Learning Vulkan Copyright © 2016 Packt Publishing All rights reserved. No part of this book may be reproduced, stored in a retrieval system, or transmitted in any form or by any means, without the prior written permission of the publisher, except in the case of brief quotations embedded in critical articles or reviews.
Credits Author Copy Editor Parminder Singh Gladson Monteiro Reviewer Project Coordinator Chris Forbes Ritika Manoj Commissioning Editor Proofreader Ashwin Nair Safis Editing Acquisition Editors Indexer Smeet Thakkar Rekha Nair Aaron Lazar Content Development Editor Production Coordinator Sachin Karnani Aparna Bhagat Technical Editor Graphics Murtaza Tinwala Abhinash Sahu.
Acknowledgments I dedicate this to my sweet baby girl, Raskeerat, who was born at the same time as we started this project. With a little baby onboard, it's challenging to write a book; I am grateful to my beloved wife Gurpreet Kaur and my family for helping me deliver this project to the community.
About the Reviewer Chris Forbes works as a software developer for Google, working on Vulkan validation support and other ecosystem components. Previously he has been involved in implementing OpenGL 3 and 4 support in open source graphics drivers for Linux ( ), as well as rebuilding classic strategy games to run on modern systems www.mesa3d.org ( ).
Table of Contents Preface 1 Chapter 1: Getting Started with the NextGen 3D Graphics API 8 Vulkan and its evolution 8 Vulkan versus OpenGL 10 Important jargons before we get started 12 Learning the fundamentals of Vulkan 13 Vulkan's execution model 13 Vulkan's queues 15 The object model 16 Object lifetime and command syntax 16 Error checking and validation 17 Understanding the Vulkan application 17 Driver 18 Application 18 WSI 18 SPIR-V 18 LunarG SDK 19 Getting started with the Vulkan programming model 19 Hardware initialization 20 Window presentation surfaces 21 Resource setup 22 Pipeline setup 25 Descriptor sets and descriptor pools 25 Shaders with SPIR-V 26 Pipeline management 26 Recording commands 27 Queue submission 29 Summary 30 Chapter 2: Your First Vulkan Pseudo Program 31 Installing Vulkan 31 The Hello World!!! pseudocode 32 Initialization – a handshake with the device 33 Swapchain initialization – querying the WSI extension 37 Command buffer initialization – allocating command buffers 40 Resource objects – managing images and buffers 40.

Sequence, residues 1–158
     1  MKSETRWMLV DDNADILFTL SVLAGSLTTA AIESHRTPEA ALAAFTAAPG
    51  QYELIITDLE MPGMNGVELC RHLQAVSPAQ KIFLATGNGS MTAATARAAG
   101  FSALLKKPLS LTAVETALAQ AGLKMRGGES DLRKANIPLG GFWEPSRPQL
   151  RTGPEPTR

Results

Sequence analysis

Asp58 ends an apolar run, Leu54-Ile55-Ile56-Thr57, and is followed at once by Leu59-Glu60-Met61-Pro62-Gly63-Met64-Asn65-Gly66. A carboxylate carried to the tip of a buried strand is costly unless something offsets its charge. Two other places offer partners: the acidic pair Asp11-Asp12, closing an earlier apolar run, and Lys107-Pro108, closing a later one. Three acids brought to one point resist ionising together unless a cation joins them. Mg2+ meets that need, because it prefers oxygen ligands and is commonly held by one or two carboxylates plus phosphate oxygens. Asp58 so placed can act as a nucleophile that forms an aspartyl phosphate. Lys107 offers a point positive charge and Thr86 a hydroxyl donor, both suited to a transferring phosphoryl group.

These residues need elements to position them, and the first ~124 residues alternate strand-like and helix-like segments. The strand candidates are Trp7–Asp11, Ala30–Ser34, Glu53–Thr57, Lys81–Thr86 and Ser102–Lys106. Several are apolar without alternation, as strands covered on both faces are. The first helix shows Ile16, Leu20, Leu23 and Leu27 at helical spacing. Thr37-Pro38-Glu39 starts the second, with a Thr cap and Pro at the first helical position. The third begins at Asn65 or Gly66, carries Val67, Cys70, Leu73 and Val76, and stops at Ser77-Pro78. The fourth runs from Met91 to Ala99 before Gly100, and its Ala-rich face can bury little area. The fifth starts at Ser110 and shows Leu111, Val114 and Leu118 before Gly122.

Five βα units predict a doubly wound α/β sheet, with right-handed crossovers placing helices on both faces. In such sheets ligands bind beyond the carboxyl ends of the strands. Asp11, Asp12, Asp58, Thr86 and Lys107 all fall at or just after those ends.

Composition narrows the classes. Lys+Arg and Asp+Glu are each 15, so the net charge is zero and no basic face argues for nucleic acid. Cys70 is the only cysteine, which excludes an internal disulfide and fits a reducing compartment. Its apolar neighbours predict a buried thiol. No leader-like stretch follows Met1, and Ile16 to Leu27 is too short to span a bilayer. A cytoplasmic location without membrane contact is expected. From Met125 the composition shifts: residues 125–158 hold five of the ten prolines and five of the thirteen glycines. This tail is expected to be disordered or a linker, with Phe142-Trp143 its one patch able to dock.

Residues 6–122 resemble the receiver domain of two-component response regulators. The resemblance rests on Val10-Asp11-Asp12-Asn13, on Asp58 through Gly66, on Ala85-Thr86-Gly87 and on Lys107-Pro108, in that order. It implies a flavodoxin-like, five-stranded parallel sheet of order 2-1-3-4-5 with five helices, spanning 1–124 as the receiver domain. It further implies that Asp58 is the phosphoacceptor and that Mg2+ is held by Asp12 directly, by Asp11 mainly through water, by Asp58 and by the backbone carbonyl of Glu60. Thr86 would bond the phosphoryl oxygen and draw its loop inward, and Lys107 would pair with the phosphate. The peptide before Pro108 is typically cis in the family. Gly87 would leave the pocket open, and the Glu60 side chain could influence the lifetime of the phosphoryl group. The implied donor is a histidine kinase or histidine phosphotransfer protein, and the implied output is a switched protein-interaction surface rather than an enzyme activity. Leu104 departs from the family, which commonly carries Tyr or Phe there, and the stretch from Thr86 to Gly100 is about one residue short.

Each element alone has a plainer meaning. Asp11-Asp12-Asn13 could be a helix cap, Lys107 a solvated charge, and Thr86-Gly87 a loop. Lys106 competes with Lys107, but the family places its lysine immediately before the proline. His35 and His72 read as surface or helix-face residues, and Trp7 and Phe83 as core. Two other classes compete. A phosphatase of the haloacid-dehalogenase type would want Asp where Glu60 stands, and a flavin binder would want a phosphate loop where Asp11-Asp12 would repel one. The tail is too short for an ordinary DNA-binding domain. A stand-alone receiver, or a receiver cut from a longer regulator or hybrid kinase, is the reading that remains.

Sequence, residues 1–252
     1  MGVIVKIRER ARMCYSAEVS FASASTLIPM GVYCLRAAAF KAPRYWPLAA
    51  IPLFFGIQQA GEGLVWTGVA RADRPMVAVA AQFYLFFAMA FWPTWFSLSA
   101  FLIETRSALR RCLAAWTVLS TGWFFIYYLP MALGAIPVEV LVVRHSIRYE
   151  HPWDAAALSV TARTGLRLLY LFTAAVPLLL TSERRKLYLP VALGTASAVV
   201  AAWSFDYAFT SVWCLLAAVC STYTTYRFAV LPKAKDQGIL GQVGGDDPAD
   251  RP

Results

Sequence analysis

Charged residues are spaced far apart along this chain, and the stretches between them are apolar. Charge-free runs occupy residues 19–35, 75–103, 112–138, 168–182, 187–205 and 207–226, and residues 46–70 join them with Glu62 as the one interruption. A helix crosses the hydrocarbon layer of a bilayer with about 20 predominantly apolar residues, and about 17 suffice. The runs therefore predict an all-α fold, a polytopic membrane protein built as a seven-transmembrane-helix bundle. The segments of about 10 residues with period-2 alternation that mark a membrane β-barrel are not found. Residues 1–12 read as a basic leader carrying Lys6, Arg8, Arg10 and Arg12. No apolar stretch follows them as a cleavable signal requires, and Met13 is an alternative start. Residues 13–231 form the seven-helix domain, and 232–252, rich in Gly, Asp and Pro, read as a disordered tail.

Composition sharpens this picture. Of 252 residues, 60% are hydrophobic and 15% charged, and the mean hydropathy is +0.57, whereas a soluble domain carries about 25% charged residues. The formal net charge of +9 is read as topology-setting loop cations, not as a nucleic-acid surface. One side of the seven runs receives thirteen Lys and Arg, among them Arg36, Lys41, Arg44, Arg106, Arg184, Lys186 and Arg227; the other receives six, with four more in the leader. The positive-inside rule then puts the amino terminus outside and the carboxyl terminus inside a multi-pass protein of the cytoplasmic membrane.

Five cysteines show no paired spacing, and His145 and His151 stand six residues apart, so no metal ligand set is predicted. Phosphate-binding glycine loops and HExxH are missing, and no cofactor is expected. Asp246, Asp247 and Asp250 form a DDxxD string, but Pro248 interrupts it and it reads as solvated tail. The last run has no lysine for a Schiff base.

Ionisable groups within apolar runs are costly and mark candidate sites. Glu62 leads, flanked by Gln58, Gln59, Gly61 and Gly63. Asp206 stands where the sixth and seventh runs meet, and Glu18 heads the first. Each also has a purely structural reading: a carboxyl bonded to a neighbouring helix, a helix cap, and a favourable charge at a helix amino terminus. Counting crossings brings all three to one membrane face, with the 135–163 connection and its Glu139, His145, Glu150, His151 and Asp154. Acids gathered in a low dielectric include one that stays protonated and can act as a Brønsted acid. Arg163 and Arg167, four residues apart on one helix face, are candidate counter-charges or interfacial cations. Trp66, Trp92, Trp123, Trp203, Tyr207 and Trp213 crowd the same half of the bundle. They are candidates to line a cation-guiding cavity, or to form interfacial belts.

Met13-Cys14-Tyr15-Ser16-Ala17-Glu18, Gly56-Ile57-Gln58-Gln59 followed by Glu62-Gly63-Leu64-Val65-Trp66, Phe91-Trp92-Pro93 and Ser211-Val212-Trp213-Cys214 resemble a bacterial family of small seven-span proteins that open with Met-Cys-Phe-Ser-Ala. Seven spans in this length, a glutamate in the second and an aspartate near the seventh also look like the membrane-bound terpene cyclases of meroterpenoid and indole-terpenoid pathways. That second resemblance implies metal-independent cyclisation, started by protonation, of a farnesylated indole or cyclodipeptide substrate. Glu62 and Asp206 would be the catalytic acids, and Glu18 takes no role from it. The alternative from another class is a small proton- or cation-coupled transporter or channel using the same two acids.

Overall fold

Preface This book is all about learning Vulkan from scratch. Vulkan is a next-generation cross- platform graphics and compute API. Despite being a successor of OpenGL API, it is a completely fresh approach to redesigning an API from the base that meets the competitive demand of consumers and works very close with the underlying GPU hardware. Vulkan is a software interface that is capable of controlling GPU hardware settings to harness the power of paralleling computing. The driver layer in Vulkan is really thin and puts more responsibilities on the shoulders of an application programmer to manage the application, its resources, memory management, synchronization, and more; this explicit nature of Vulkan makes it verbose. This book allows the beginner to learn such topics in baby steps, covering each chapter with an easy-to-follow companion example. The chapters are laid out in an incremental fashion; each chapter is built on top of the previous one, exposing the modular difference to our readers.
1 Getting Started with the NextGen 3D Graphics API Vulkan is a revolutionary high-performance 3D graphics and computing API for modern GPU pipeline architectures to meet the demanding requirements of the community. This API provides a brand-new approach to overcome the complexities and gaps in existing traditional APIs. Vulkan is an explicit API that promises predictable behavior and allows you to have smooth rendering frame rates without causing lags or hitches. This chapter will present an overview of the Vulkan API and its distinct features compared to its predecessor: the OpenGL API. We will take a look at Vulkan's ecosystem and understand its graphics system.